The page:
Furthermore, in an interview with Vanguard, President, Nigeria Consumer Protection Network, Kunle Kola Olubiyo called for massive investment in the transmission and distribution in order to transmit and distribute more electricity to consumers.
He said that several activities are currently scuttled in the private and public sectors because of low and unstable power supply, adding that many locally produced products and services are not competitive in the global market, due mainly to the high cost of production.

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World Bank To Fund $30bn Projects In Nigeria, Others

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The World Bank has said it is set to disburse a total of $30billion to fund existing and new projects in Nigeria and other countries as part of a global response to combat the ongoing food security crisis.
According to the bank, it is working with countries on a $12billion new projects fund for the next 15 months.
It said the projects are expected to support agriculture, social protection to cushion the effects of higher food prices, and water and irrigation projects.
It added that most of the funds would go to Africa, the Middle East, Eastern Europe, Central Asia, and South Asia.
The global bank disclosed this when it announced how it plans to be part of a comprehensive, global response to the ongoing food security crisis.
It stated that it intends to roll out this fund in existing and new projects in agriculture, nutrition, social protection, water, and irrigation.
It said, “This financing will include efforts to encourage food and fertiliser production, enhance food systems, facilitate greater trade, and support vulnerable households and producers.”
World Bank Group President, David Malpass, said, “Food price increases are having devastating effects on the poorest and most vulnerable.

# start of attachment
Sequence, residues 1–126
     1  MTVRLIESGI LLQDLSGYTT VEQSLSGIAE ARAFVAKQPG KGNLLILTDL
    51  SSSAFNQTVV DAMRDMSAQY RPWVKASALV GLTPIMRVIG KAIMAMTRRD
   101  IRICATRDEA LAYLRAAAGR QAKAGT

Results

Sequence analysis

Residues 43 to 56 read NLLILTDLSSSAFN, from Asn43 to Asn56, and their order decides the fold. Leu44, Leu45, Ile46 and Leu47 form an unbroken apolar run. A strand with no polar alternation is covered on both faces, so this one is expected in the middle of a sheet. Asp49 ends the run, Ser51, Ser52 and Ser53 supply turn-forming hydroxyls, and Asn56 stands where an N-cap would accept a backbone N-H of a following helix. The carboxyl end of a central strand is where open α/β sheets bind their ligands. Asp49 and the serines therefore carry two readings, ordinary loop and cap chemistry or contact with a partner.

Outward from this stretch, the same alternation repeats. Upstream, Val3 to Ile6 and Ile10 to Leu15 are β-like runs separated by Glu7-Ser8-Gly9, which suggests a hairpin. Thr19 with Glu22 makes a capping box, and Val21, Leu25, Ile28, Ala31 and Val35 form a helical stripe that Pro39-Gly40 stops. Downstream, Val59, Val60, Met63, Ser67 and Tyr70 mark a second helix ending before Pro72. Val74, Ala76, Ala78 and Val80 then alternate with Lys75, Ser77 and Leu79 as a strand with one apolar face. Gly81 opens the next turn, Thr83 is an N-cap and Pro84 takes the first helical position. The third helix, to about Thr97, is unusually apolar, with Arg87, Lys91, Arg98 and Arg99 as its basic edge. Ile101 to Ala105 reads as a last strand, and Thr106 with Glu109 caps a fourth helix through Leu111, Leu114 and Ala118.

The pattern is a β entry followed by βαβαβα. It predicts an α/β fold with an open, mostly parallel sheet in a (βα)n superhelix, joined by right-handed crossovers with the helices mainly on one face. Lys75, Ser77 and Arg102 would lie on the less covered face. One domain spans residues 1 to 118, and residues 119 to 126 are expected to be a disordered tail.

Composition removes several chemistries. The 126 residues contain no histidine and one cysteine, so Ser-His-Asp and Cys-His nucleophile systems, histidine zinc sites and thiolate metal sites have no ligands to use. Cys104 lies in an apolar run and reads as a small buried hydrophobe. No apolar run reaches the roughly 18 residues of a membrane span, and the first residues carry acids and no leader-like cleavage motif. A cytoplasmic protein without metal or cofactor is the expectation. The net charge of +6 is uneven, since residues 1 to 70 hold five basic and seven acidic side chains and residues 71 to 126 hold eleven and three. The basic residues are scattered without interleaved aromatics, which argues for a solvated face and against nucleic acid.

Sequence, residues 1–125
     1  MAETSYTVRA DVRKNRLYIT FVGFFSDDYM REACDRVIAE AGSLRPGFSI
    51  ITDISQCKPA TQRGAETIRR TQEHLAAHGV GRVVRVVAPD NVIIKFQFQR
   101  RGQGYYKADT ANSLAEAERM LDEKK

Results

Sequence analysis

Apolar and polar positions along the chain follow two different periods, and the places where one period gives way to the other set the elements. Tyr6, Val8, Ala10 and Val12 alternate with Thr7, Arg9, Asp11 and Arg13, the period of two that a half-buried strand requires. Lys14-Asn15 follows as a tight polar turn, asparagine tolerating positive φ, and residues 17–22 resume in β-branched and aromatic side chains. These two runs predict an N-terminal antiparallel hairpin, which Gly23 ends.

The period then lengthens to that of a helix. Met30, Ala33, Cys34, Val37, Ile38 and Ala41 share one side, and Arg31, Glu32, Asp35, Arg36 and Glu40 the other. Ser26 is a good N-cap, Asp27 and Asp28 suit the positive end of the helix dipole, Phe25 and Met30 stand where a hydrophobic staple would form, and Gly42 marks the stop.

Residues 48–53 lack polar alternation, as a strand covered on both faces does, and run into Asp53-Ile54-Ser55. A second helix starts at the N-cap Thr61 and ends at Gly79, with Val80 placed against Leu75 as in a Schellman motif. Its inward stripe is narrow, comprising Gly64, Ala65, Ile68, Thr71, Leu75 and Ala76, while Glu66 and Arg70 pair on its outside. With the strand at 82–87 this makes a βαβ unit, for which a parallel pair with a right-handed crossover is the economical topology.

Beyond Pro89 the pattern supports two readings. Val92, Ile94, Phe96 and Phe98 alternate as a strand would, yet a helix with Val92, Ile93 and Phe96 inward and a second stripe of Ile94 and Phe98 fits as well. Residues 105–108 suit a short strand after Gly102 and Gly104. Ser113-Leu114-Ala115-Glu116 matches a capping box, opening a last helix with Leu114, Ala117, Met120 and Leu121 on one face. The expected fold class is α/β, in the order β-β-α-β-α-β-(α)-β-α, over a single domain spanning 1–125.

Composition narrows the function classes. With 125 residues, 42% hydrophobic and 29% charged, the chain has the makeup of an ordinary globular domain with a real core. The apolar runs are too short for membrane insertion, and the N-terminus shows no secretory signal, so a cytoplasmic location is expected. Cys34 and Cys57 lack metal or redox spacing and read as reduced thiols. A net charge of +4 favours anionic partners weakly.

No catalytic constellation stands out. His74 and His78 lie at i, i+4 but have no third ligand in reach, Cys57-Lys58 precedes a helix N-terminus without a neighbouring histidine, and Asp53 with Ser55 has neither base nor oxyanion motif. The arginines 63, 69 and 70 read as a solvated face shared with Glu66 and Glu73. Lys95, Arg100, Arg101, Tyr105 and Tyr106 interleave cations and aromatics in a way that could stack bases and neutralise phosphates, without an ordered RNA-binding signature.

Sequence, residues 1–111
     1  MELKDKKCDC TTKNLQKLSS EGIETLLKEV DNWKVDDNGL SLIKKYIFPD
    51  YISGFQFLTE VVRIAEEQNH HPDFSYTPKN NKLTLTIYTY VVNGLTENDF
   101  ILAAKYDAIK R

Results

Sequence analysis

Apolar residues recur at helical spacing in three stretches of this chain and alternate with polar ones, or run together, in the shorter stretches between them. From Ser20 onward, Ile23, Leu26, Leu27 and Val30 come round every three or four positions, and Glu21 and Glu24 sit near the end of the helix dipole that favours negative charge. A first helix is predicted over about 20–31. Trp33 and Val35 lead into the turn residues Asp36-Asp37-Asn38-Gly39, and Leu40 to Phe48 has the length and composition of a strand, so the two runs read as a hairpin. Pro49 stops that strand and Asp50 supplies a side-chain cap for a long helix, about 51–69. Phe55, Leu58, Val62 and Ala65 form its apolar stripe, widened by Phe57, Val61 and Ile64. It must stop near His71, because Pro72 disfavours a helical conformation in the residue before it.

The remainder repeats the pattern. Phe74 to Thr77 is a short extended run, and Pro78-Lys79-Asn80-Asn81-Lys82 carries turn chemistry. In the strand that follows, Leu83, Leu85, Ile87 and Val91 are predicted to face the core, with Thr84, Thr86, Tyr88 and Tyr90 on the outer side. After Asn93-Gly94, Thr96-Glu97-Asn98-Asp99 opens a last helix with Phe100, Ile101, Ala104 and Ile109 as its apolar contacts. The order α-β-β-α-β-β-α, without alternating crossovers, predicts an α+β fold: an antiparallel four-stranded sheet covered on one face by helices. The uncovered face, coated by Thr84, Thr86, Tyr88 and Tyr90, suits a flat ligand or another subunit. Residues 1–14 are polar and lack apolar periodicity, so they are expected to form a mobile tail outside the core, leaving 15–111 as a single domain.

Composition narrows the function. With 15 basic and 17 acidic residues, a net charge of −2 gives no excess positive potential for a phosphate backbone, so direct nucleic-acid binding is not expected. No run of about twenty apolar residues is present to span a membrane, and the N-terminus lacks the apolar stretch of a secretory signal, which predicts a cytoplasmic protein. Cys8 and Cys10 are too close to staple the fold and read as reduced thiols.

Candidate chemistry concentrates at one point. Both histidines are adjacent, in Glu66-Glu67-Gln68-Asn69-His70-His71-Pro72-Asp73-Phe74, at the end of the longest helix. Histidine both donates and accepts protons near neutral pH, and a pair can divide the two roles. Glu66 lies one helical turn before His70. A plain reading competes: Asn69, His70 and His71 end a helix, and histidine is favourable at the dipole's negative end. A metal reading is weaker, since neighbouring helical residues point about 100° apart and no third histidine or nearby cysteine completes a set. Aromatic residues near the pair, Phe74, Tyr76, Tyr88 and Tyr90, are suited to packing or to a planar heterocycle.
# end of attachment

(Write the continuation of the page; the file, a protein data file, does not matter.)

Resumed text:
“To inform and stabilise markets, it is critical that countries make clear statements now of future output increases in response to Russia’s invasion of Ukraine. Countries should make concerted efforts to increase the supply of energy and fertilizer, help farmers increase plantings and crop yields, and remove policies that block exports and imports, divert food to biofuel, or encourage unnecessary storage.”
The bank added that its current existing portfolio includes balances of $18.7billion in projects with direct links to food and nutrition security issues, covering agriculture and natural resources, nutrition, social protection, and other sectors.
It stated, “Altogether, this would amount to over $30billion available for implementation to address food insecurity over the next 15 months. This response will draw on the full range of Bank financing instruments and be complemented by analytical work.”

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FG Postpones FAAC Meeting Over AGF’s N80bn Probe

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The Federal Government has announced the postponement of May, 2022 Federation Account Allocation Committee (FAAC) meeting.
The sudden postponement may not be unconnected with the ongoing investigation of the suspended Accountant General of the Federation, Ahmed Idris, over alleged fraud to the tune of N80billion.
The FAAC meeting is a monthly meeting where the federation allocates monthly revenue among the three tiers of government.
The meeting had earlier been scheduled to hold virtually between May 18 and 19, 2022.
The Ministry of Finance, Budget and National Planning, said this in a letter signed by Director, Home Finance,Stephen Okon.
The ministry said the meeting was postponed due to “certain circumstances.
“I am directed to inform you that the Federation Account/Allocation Committee (FAAC) meetings earlier scheduled to hold/virtually on the 18th and 19th May, 2022 have been postponed due to/certain circumstances,” the circular reads.
“In view of the foregoing, I am to further inform you that the new date for the meetings will be forwarded to you in due course.
“While we regret the inconveniences this change might cause you, please accept the assurances of the Minister’s warm regards,” the letter read in part.
The Economic and Financial Crimes Commission (EFCC) had on Monday arrested and detained Idris over an alleged N80billion fraud.
The Minister of Finance, Budget and National Planning, announced indefinite suspension of Idris, last Wednesday.
Ahmed said the suspension “without pay” was to allow for “proper and unhindered investigation” in line with public service rules.

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Nigerian Out-Of-School Children Hit 18.5m